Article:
They want us to buy into the electoral swindle – the phony myth that the people decide their own political fate. Of course all this is just a capitalist propaganda ploy -- the last thing that capitalism could tolerate is for everyday working people to make any of the decisions about how society is run. The campaign hoopla is all part of how the ruling class manipulates society for its own political and economic ends, how it obscures the real power relationships in society, how it assures the desired outcome, and makes sure that the correct ruling team is in power. Despite the horse race metaphor that the media is so fond of, the election campaign more resembles a World Wrestling Federation wrestling match – where all the action is scripted in advance.
For much of the past decade in the vast majority of the western industrial powers, the bourgeoisie has relied upon a strategy of the left in power. This strategy was first dpower. This strategy was first developed by the bourgeoisie in the U.S. in 1992, with the realignment of the Democratic Party towards the center-right and the election of Bill Clinton, and was then emulated in Britain with a similar revamping of the Laborites under Tony Blair (the Bill Clinton of Great Britain), and subsequently adopted throughout the major European capitalist nations. This strategic division of labor, which places the left in power, and the right in opposition, has been successful for the bourgeoisie on both the imperialist and domestic levels, in that it has permitted the bourgeoisies of the respective countries to unleash military interventions overseas under the guise of humanitarianism without engendering serious opposition, which would have been unimagineable for the right, and has allowed it to continue to implement austerity measures without provoking serious resistance. As the Resolution on the International Situation adopted by the ICC’s International Bureau last spring puts it,
"Bringing the left of the bourgeoisie into government has proved to be the ideal means of making the most of the proletarian disarray. No longer speaking the language of struggle as it did in opposition in the eighties, the left parties in government are well-equipped to give a snt are well-equipped to give a softer edge to the attacks on working class living standards. They are better able to obscure the militarist barbarism with a humanitarian rhetoric. And they are more suited to correcting the failures of neo-liberal economic policies." (Point 10)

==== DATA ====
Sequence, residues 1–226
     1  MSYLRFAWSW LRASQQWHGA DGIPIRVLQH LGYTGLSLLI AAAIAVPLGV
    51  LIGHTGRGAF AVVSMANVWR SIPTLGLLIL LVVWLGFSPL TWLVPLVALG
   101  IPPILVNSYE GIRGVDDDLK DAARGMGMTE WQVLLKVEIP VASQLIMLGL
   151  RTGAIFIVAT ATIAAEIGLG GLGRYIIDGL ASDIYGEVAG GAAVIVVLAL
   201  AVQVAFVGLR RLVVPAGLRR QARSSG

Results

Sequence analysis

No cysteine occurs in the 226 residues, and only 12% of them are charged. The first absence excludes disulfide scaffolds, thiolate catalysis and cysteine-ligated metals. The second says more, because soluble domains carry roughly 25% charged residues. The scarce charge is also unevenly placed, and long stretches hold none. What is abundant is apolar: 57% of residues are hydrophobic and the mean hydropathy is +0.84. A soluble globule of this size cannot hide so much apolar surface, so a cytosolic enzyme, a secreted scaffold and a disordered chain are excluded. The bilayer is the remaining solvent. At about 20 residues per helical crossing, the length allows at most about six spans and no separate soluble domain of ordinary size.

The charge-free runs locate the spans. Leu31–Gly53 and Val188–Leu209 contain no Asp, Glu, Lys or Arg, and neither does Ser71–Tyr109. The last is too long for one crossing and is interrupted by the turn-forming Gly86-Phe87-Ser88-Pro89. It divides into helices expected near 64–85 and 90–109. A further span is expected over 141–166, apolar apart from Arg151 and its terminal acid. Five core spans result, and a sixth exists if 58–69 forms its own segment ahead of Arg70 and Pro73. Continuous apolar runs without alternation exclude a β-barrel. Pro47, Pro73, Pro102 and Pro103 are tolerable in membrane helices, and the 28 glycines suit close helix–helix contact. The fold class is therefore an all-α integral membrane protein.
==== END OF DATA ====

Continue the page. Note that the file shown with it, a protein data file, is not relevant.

At home the left has successfully managed the deepening of the economic crisis, and while it unleashes attacks which are just as vicious and far-reaching as the right’s, it does so in a manner and style clouded in democratic and reformist rhetoric. The left’s austerity attacks are disguised as "reforms," not as cutbacks. Everywhere this strategy is successful. In Germany the left government is positioned to remain in power for at least the next three years, until the expiration of its elected term. At the level of the class struggle, the balance of forces favors the bourgeoisie, as the combativeness which exists in some sectors of the working class is completely heterogenous and confronts serious obstacles in developing.
The German trade unions function in open solidarity with the regime; the oppositional role is played by the right. In France, there are strikes and protests in various sectors, but these struggles are very atomized. Though a simulre very atomized. Though a simultaneity of struggles exists, this phenomenon poses no particular problem for the French bourgeoisie, and the unions and the leftists are not required to play a strong oppositional role. In Britain, the story is much the same. There are signs of class combativeness but a serious difficulty for struggles to develop and the left government has the situation in hand. In Italy, the same situation prevails. Despite being the most heavily politicized in Europe, the Italian working class has launched no major struggles since the left government came to power.
Here in the U.S., there have been rising levels of combativeness, including particularly the Detroit teachers struggle last autumn, the transit struggle in New York in November-December, and more recently the Boeing strike on the West Coast, but these struggles experienced difficulty in developing and remained largely isolated. Despite an oppositional posturing on international trade issues by some unions, as illustrated by their participation in the anti-WTO and anti-World Bank protests in the past few months, the unions remain staunch allies of the Clinton administration, and were early supporters of the Gore candidacy. Thus, the Clinton-Gore team has successfully pursued a right-wing economic and social agenda, including the reinforal agenda, including the reinforcement of the state’s repressive apparatus (adding 100,000 cops to the nation’s police forces, increasing the death penalty, making the severest inroads on civil liberties) and dismantling the welfare state put in place by the Roosevelt administration’s New Deal program 65 years ago, without hardly a murmur of resistance.